Banksy Laugh Now Signed Print

Laugh Now Banksy

Laugh Now, from Banksy’s early period of work, was first seen in 2002 as a commissioned work done for Ocean Rooms nightclub on Morley Street in Brighton. It was originally a six-metre long spray painting, repeating the Laugh Now stencil ten times in a row, forming the backdrop to the Brighton bar. In 2008, Ocean Rooms sold the painting at Bonham’s for a record auction price at the time of nearly half a million dollars. Back in 2003, the piece was also reproduced as a limited edition print for sale with only 150 signed and 600 Laugh Now unsigned prints. Today, Laugh Now is one of Banksy’s most internationally recognised works. 

Laugh Now is rendered in Banksy’s signature monochrome stencil. It portrays a forlorn monkey, wearing a sandwich board bearing the script “Laugh now, but one day we’ll be in charge”. The heavy board, along with the monkey’s slumped shoulders and sunken eyes suggest that he is oppressed or enslaved. Along with the rat, the monkey is one of Banksy’s most frequently used animal figures. Designed to embody in caricature the nature of humankind, Banksy uses these animals as didactic figures in his critical social commentary. The catch phrase on the board is also typical of those often used by the artist to convey powerful or poignant messages to his audience.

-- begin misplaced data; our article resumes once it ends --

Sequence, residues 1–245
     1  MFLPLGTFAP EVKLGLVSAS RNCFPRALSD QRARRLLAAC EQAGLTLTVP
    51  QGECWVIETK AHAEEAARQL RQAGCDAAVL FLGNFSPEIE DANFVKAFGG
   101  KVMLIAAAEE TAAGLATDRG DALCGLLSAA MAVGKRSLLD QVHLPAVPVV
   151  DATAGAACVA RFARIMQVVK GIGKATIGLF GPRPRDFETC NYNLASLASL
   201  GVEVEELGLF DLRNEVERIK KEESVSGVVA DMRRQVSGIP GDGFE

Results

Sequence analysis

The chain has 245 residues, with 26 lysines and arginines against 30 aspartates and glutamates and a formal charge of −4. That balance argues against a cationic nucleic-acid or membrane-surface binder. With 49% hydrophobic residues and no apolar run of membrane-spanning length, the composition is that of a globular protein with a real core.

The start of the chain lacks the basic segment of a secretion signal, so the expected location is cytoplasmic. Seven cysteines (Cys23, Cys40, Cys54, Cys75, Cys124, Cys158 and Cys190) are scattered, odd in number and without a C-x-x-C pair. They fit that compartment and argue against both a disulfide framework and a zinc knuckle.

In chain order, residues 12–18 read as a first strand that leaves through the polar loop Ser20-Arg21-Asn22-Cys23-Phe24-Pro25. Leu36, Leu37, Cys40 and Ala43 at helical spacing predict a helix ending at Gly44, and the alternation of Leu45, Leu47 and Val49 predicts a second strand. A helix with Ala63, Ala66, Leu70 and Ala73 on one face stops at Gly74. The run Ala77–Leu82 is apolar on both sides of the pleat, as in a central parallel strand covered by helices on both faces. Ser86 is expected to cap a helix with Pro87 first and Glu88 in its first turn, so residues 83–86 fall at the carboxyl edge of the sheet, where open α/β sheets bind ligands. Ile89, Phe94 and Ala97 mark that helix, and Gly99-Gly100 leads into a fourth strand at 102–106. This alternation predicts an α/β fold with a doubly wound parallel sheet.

Laugh Now could be seen as a criticism of the way that humans have been treating animals, in particular our primate cousins, throughout the course of history to this day, whether poaching or capturing them for entertainment or medical testing. The provocative text on the board is both mocking and threatening, clearly suggesting that the character is preparing for an uprising, as if Banksy is warning his viewers of an imminent revolution. 

Since it was first seen in 2002, several versions of the stencilled monkey motif have appeared. Notably, it was displayed on the occasion of the artist’s first solo show Existencilism which took place in Los Angeles later that same year, alongside other provocative aphorisms including “Keep it real” or “Lying to a cop is never wrong”. 

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